Two in five Scottish workers claim their employers have directly contributed to higher levels of obesity, according to new research.
Longer working hours preventing exercise was cited by 63 per cent as the main reason for this, according to the study of 1197 workers by Willis PMI Group, part of Willis Towers Watson.
Fifty-seven per cent blamed unhealthy vending machine or ‘tuck shop’ snacks, while a lack of exercise facilities and initiatives (55 per cent) and unhealthy canteen food (42 per cent) were said to be the third and fourth biggest factors behind the assertion.
Mike Blake, director at Willis PMI Group, said: “The government estimates obesity contributes to the loss of 16 million certified incapacity days each year and this research suggests employers may be part of the problem, rather than part of the solution.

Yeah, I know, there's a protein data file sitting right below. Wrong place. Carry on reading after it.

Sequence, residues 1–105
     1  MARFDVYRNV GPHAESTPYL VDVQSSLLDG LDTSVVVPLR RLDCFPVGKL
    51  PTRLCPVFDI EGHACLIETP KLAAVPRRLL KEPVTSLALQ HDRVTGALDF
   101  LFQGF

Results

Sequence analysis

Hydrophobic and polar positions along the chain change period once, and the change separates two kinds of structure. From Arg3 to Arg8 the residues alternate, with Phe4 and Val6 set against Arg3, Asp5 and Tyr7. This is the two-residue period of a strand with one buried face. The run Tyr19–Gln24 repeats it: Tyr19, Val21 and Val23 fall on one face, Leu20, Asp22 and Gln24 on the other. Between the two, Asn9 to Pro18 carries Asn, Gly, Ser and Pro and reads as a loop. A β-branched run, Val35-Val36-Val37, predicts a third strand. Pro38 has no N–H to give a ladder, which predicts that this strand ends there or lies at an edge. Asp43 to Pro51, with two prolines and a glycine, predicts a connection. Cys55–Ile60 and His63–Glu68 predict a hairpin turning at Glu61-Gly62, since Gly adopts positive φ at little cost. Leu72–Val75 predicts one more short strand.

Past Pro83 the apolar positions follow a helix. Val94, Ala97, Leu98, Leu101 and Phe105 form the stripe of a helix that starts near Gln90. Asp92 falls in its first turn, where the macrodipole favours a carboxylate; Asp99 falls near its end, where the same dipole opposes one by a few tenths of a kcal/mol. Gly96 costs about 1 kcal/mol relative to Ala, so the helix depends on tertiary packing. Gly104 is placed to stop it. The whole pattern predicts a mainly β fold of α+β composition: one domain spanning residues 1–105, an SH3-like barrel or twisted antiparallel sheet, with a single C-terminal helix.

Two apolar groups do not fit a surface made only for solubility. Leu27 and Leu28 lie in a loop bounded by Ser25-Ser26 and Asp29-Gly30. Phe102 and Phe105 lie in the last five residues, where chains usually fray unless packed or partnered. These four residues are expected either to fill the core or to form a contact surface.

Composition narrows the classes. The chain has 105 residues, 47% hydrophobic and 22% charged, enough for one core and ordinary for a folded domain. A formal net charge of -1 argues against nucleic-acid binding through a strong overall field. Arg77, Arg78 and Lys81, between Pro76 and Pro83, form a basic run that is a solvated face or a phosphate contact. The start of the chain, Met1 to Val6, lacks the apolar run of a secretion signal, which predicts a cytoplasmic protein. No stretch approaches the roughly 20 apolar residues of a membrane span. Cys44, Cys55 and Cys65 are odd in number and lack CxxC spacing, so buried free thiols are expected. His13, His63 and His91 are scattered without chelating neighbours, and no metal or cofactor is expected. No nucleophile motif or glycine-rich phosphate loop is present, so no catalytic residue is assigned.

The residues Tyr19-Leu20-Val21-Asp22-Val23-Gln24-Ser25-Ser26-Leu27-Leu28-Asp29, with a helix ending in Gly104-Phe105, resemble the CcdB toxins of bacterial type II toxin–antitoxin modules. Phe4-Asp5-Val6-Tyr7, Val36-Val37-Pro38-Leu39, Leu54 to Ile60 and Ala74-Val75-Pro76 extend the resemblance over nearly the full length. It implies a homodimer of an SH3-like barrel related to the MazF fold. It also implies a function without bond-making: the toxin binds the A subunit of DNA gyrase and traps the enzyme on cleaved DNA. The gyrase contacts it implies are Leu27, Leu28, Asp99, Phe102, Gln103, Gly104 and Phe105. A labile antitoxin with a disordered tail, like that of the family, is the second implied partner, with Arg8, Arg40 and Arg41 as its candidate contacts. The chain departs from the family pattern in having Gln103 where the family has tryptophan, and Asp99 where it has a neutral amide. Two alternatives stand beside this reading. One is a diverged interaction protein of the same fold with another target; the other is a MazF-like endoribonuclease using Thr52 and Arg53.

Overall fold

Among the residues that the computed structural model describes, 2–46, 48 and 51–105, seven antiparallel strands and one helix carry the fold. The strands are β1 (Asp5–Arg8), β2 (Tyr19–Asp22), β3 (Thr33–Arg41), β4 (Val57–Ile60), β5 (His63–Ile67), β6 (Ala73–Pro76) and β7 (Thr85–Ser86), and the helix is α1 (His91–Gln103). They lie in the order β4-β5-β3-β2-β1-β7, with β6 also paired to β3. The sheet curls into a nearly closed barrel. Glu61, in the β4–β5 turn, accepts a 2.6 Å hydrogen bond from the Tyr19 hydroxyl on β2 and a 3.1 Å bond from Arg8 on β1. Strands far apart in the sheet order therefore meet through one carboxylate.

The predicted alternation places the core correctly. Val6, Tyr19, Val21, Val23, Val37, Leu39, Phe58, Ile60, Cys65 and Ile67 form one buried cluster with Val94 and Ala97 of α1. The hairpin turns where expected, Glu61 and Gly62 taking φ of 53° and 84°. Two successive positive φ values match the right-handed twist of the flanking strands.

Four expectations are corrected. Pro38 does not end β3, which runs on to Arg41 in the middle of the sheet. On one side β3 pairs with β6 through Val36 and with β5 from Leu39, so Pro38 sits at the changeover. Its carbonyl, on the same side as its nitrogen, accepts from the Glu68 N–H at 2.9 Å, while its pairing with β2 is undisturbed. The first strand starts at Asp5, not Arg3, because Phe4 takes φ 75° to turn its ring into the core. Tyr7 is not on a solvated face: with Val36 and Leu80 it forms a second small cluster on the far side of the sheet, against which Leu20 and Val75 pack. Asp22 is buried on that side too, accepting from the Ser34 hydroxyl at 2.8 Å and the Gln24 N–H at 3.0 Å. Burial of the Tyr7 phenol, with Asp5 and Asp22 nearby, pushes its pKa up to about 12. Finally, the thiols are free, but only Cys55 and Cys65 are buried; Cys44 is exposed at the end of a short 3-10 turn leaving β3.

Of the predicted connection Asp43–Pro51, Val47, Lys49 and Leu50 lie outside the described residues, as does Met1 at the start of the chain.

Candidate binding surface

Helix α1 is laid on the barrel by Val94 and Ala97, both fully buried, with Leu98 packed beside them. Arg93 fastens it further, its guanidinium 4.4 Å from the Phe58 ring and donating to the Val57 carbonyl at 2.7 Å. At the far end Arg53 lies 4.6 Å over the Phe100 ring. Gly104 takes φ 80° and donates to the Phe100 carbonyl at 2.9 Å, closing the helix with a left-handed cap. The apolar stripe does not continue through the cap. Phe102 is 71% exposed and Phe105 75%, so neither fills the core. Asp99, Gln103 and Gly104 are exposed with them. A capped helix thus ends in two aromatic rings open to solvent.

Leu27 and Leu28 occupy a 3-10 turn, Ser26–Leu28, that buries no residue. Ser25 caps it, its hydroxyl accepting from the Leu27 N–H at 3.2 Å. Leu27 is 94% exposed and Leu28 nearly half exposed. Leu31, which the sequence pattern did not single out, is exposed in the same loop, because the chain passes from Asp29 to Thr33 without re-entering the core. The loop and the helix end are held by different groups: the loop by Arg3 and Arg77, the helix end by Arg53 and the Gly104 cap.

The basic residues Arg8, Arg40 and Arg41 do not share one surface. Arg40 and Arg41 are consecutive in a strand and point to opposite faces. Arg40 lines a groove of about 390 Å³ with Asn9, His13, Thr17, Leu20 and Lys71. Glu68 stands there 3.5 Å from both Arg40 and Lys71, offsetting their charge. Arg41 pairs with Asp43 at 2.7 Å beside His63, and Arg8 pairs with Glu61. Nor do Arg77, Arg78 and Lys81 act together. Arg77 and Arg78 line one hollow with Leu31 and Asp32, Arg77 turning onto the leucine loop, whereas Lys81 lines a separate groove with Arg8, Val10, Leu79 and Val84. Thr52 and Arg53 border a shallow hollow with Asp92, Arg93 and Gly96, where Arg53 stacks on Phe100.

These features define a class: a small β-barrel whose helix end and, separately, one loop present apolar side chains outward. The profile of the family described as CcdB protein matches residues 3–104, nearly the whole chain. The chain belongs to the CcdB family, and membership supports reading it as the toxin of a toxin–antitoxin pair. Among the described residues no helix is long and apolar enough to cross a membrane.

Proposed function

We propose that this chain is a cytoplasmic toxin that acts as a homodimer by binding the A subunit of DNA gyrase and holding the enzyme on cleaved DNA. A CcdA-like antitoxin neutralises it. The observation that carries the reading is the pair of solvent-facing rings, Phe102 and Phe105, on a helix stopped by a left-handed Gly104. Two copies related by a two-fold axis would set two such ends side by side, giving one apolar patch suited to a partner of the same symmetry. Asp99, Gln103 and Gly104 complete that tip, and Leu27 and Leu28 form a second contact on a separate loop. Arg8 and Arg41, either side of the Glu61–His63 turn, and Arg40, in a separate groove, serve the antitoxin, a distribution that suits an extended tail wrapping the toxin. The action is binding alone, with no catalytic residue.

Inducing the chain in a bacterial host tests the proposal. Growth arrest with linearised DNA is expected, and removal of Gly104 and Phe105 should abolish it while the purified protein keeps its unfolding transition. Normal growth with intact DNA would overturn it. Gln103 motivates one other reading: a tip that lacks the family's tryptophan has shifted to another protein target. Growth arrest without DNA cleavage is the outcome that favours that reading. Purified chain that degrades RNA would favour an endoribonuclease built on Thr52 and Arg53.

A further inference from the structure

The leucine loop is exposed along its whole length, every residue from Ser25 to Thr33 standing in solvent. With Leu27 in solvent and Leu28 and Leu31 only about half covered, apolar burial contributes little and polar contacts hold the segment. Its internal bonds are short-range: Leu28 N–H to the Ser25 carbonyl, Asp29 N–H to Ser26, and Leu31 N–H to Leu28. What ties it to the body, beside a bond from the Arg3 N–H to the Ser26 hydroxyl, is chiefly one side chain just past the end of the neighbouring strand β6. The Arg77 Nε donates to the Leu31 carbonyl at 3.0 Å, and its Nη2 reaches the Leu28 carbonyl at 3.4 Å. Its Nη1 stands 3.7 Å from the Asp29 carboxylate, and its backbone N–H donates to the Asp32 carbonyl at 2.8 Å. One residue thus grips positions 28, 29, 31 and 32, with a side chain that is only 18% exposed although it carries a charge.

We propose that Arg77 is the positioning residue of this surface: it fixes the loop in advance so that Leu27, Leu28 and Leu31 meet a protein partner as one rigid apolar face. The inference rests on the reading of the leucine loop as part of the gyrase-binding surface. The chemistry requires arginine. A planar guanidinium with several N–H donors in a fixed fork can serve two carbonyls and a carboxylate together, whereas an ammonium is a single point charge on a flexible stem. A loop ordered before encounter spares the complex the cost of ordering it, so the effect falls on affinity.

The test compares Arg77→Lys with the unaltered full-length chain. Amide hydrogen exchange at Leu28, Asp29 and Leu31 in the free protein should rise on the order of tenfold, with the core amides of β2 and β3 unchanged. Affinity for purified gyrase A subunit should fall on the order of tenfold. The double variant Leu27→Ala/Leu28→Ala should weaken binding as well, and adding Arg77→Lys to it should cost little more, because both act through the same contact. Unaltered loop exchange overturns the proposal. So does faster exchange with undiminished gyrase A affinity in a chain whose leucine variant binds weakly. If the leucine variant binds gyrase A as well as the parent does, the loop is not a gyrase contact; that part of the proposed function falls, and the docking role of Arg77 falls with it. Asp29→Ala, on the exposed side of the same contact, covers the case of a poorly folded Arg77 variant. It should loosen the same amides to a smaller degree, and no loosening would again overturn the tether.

“The findings call for businesses in Scotland to review their existing workplace cultures and practices and, where appropriate, pro-actively adopt health and wellbeing initiatives.”
Nationwide, younger workers were more critical of their employers than their older colleagues.
Forty-two per cent of 18-34 year-olds blamed their bosses for contributing to higher levels of obesity, compared with just 29 per cent of 35-64 year-olds.
The study revealed only 15 per cent of employers across the UK currently offer cut-price gym memberships, 13 per cent offer on-site gym facilities, 10 per cent offer fitness classes and just six per cent offer dedicated weight-loss schemes.
Mr Blake added: “Support and education for employees to combat obesity can be relatively inexpensive to implement but by encouraging staff to lead healthier lifestyles businesses can help cut obesity-related illnesses and the associated business risks.”